It’s exciting to see Shyamalan on such confident footing once more, all these years later.
The girl in Andre Techine's "Girl on the Train" is Jeanne, who has never fully engaged in the society she occupies. She roller blades through French suburbs with her iPod blocking out other sounds, as the world glides past unobserved. Was it the job interview with the lawyer Samuel Bleistein that put Jews into her mind? One doubts she had given them, or anything else, much thought.
Jeanne (Emilie Dequenne) is sent to Bleistein by her mother Louise (Catherine Deneuve). He was once in love with her. One of the nation's most powerful lawyers, he makes time to see the girl because of old memories. His secretary pages through her resume and observes there isn't much there. Nor does the interview itself go well. Jeanne doesn't know much, hasn't done much, doesn't even realize how little she's done or what there is to be known. She lives in a cocoon of electronic distraction.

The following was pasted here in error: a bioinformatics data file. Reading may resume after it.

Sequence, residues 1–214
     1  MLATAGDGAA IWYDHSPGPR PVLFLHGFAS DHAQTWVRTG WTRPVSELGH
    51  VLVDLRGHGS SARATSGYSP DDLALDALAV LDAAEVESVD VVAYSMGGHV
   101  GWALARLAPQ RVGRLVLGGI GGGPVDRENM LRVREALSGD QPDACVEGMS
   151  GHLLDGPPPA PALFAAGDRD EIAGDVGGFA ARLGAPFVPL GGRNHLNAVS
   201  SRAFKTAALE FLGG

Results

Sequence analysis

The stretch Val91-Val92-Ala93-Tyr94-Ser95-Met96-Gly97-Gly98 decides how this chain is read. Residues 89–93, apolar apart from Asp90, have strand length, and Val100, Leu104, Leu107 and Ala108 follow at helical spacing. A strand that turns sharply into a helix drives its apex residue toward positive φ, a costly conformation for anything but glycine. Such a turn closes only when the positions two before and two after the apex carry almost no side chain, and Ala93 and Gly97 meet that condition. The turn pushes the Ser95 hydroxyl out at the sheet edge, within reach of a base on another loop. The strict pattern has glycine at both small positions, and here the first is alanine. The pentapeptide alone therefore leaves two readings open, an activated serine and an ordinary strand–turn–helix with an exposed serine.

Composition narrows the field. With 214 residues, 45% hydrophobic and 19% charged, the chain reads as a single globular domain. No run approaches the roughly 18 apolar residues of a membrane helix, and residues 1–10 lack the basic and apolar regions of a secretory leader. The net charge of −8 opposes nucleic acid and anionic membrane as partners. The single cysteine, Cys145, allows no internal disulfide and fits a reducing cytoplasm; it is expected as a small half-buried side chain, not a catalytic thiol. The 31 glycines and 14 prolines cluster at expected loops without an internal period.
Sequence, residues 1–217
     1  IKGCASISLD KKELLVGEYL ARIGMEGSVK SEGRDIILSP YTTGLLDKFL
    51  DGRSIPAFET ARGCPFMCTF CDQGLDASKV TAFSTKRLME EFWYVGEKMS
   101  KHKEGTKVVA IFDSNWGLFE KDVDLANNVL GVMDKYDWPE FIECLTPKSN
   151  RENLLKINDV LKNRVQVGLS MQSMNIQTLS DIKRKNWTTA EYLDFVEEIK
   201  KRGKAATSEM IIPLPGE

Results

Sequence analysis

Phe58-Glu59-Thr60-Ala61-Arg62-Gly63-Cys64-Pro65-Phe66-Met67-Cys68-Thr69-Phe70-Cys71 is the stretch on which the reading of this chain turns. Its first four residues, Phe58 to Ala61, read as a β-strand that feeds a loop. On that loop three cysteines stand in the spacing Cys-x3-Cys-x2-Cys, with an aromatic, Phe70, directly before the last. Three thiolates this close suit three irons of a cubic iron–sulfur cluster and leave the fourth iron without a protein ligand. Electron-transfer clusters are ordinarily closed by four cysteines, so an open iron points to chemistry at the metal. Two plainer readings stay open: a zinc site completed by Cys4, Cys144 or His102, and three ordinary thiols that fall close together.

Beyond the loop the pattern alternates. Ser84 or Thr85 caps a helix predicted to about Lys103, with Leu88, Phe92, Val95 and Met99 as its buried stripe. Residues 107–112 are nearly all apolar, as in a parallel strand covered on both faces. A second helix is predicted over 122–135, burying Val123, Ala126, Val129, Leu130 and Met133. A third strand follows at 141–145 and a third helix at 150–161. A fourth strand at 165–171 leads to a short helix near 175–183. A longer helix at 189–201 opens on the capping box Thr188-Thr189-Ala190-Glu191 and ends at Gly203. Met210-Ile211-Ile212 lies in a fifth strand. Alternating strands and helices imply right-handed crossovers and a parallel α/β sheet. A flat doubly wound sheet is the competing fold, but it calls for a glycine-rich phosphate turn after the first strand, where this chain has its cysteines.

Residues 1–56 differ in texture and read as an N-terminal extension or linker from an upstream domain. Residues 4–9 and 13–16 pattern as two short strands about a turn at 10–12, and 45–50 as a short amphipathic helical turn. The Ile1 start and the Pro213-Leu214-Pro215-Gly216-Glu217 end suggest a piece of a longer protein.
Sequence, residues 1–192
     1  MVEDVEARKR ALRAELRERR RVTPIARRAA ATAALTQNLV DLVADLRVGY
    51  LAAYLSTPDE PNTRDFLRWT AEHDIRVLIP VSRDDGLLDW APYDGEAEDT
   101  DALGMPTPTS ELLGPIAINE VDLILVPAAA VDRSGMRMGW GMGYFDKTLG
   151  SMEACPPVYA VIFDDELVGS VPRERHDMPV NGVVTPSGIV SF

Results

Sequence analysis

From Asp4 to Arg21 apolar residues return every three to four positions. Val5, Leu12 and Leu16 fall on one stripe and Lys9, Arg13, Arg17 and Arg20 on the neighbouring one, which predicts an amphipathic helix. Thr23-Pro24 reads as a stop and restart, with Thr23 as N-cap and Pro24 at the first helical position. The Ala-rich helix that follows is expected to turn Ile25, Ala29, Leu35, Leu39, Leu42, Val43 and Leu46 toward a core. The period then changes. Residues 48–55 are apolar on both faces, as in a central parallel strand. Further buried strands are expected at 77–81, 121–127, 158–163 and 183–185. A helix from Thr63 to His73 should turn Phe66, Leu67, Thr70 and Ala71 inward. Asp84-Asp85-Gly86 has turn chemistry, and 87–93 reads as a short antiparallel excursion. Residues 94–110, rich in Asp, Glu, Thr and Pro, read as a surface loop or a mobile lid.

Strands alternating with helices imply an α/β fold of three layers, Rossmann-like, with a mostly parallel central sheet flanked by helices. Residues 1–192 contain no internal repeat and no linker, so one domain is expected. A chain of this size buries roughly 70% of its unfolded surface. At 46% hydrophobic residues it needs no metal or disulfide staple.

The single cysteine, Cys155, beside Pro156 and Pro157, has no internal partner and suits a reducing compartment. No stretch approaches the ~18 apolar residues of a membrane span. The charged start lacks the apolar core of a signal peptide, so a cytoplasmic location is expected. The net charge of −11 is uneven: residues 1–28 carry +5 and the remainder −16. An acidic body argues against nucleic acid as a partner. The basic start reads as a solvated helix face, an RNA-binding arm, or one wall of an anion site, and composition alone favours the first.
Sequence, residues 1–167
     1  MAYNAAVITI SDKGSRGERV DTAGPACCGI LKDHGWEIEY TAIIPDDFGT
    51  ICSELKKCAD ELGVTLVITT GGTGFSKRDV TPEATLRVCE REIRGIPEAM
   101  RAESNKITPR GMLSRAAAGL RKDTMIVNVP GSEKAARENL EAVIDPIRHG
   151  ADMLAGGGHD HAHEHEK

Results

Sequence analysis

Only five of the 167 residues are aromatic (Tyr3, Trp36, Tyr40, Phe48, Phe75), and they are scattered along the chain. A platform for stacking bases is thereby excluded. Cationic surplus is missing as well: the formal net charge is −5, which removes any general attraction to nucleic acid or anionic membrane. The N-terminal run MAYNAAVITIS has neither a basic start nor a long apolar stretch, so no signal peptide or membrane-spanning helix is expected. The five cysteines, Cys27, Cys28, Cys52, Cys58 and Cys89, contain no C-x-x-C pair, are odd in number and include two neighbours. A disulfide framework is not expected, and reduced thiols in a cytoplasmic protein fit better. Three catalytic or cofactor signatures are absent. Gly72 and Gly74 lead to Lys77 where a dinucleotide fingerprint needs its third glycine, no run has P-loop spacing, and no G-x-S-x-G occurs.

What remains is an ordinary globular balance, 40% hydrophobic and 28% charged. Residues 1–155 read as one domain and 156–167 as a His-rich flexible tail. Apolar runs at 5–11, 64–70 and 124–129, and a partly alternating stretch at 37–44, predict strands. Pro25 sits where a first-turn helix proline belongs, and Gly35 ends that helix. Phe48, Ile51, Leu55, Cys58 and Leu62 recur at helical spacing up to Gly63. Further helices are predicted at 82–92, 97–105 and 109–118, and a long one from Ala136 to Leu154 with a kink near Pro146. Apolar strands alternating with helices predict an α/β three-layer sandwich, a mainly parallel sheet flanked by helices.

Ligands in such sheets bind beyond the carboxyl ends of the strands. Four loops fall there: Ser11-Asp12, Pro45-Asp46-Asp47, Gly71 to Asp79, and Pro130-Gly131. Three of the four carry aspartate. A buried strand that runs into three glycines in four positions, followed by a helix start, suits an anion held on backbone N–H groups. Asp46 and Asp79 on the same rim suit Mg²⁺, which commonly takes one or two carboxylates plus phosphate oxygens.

She doesn't care. She's having a romance with a young athlete, a wrestler, tattooed and a little strange. They break up. Now she's jobless, alone, and with her mother on her case -- Louise, who provides home care for toddlers, works in the garden, and is gentle enough with her -- but anything that interrupts Jeanne's reverie is annoying.
For no particular reason, perhaps hoping to win Bleistein's sympathy, perhaps not, perhaps she doesn't know, she makes up a story of being assaulted on a train by North Africans who taunted her as a Jew, beat her, and carved a swastika on her stomach. She isn't Jewish, not that it's a point. The case becomes a national scandal. The French president can't get on the phone fast enough to express his sympathy and solidarity.